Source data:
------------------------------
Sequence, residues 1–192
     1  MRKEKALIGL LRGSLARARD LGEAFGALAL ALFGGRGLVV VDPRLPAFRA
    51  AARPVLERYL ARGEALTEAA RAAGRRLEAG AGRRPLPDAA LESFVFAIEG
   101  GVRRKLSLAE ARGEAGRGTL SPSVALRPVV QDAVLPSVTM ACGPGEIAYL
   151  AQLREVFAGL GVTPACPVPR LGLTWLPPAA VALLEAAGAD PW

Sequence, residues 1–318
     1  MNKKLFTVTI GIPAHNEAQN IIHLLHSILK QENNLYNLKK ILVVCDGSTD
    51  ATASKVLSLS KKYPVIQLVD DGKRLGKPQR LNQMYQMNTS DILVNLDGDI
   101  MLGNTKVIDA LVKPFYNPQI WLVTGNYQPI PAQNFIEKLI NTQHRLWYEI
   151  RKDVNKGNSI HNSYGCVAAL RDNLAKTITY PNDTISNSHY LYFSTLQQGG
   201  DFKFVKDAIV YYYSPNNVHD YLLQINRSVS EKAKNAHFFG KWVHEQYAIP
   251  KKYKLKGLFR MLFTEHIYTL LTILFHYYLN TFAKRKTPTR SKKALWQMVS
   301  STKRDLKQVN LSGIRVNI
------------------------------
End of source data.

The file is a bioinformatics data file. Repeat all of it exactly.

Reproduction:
Sequence, residues 1–192
     1  MRKEKALIGL LRGSLARARD LGEAFGALAL ALFGGRGLVV VDPRLPAFRA
    51  AARPVLERYL ARGEALTEAA RAAGRRLEAG AGRRPLPDAA LESFVFAIEG
   101  GVRRKLSLAE ARGEAGRGTL SPSVALRPVV QDAVLPSVTM ACGPGEIAYL
   151  AQLREVFAGL GVTPACPVPR LGLTWLPPAA VALLEAAGAD PW

Sequence, residues 1–318
     1  MNKKLFTVTI GIPAHNEAQN IIHLLHSILK QENNLYNLKK ILVVCDGSTD
    51  ATASKVLSLS KKYPVIQLVD DGKRLGKPQR LNQMYQMNTS DILVNLDGDI
   101  MLGNTKVIDA LVKPFYNPQI WLVTGNYQPI PAQNFIEKLI NTQHRLWYEI
   151  RKDVNKGNSI HNSYGCVAAL RDNLAKTITY PNDTISNSHY LYFSTLQQGG
   201  DFKFVKDAIV YYYSPNNVHD YLLQINRSVS EKAKNAHFFG KWVHEQYAIP
   251  KKYKLKGLFR MLFTEHIYTL LTILFHYYLN TFAKRKTPTR SKKALWQMVS
   301  STKRDLKQVN LSGIRVNI